Greg Grason, Professor of Polymer Science and Engineering, UMass Amherst
In hard materials, geometric frustration (GF) is most often associated with the disruption of long-range order in the bulk and proliferation of defects in the ground state. In soft and self-assembled materials, on the other hand, flexible building blocks held together by non-covalent forces are able to tolerate some measure of local misfit due to frustration, allowing imperfect order to extend over at least some finite range. This talk will discuss theoretical models for an emerging paradigm for geometrically-frustrated assemblies (GFAs), where interactions between self-assembling elements (particles, macromolecules, proteins) favor local packing motifs that are incompatible with uniform order in the assembly. This classification applies to a broad range of existing material assemblies including self-twisting protein filament bundles, chiral membranes, and curved crystalline shells, while current efforts focus on attempts to engineer intentionally frustrated colloidal subunits. In assemblies, GF leads to a host of anomalous structural and thermodynamic properties, perhaps most significant, the existence of self-limiting equilibrium states which terminate assembly at finite multi-block dimensions. In this talk, I will overview the current picture of some of the basic principles and common outcomes of GFA, and then describe ongoing studies of two theoretical models. In the first, we consider self-stressed morphologies of a coarse-grained frustrated particle model in an attempt to understand how particle-scale properties control the emergent structure and thermodynamics of assembly. In particular, we trace the length scale that controls frustration escape, in which assemblies overcome the thermodynamic limits of finite assembly, to particle features that control distinct mechanical modes in the assembly. In the second, we consider a minimal, lattice model of GFA to study the role of finite-temperature and finite concentration entropic effects—in combination with frustration, cohesion, and elasticity—in selecting between disperse, (self-limited) aggregated, and bulk condensed states.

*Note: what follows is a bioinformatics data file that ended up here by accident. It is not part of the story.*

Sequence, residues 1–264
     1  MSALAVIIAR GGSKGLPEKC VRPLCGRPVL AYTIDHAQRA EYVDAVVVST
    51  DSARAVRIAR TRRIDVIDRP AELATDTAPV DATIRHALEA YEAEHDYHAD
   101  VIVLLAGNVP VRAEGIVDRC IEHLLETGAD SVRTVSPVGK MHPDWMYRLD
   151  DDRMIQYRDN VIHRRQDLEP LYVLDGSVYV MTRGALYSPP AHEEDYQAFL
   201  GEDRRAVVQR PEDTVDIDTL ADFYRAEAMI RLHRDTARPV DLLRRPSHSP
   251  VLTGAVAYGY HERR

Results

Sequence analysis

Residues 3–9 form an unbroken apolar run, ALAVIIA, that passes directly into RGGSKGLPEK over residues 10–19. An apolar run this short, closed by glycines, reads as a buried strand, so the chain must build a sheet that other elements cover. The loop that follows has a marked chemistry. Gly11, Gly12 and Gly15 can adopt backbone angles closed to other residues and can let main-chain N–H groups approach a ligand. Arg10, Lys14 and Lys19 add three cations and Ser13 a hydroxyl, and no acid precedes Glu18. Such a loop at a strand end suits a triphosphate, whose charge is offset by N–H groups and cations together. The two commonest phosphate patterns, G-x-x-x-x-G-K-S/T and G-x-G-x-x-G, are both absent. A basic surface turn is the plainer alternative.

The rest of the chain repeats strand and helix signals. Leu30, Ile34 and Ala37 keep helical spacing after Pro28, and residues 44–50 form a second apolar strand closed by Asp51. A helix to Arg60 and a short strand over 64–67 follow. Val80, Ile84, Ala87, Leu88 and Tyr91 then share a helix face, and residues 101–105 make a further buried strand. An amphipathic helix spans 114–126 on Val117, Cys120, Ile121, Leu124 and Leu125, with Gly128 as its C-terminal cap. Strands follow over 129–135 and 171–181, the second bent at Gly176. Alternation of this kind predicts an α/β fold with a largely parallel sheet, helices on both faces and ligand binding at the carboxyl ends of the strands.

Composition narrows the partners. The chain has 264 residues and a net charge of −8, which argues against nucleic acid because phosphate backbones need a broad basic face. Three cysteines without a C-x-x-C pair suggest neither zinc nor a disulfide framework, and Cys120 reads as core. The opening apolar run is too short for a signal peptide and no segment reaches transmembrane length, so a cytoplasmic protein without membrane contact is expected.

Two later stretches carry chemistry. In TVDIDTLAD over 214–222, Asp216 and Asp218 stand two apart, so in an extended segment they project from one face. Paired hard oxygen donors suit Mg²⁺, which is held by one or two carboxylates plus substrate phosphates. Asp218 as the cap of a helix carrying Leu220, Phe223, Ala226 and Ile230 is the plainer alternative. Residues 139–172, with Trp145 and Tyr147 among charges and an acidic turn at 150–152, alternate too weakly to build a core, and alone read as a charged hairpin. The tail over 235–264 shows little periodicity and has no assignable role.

Greg Grason is a Professor of Polymer Science and Engineering (PSE) at the University of Massachusetts Amherst. He received a Ph.D. in Physics from the University of Pennsylvania in 2005. Following a postdoctoral position in the Physics and Astronomy department at UCLA, he joined the faculty of UMass in 2007. His research investigates the role of geometric frustration in soft matter and polymeric assemblies through the combined lens of condensed matter theory, statistical physics, elasticity theory, and geometry.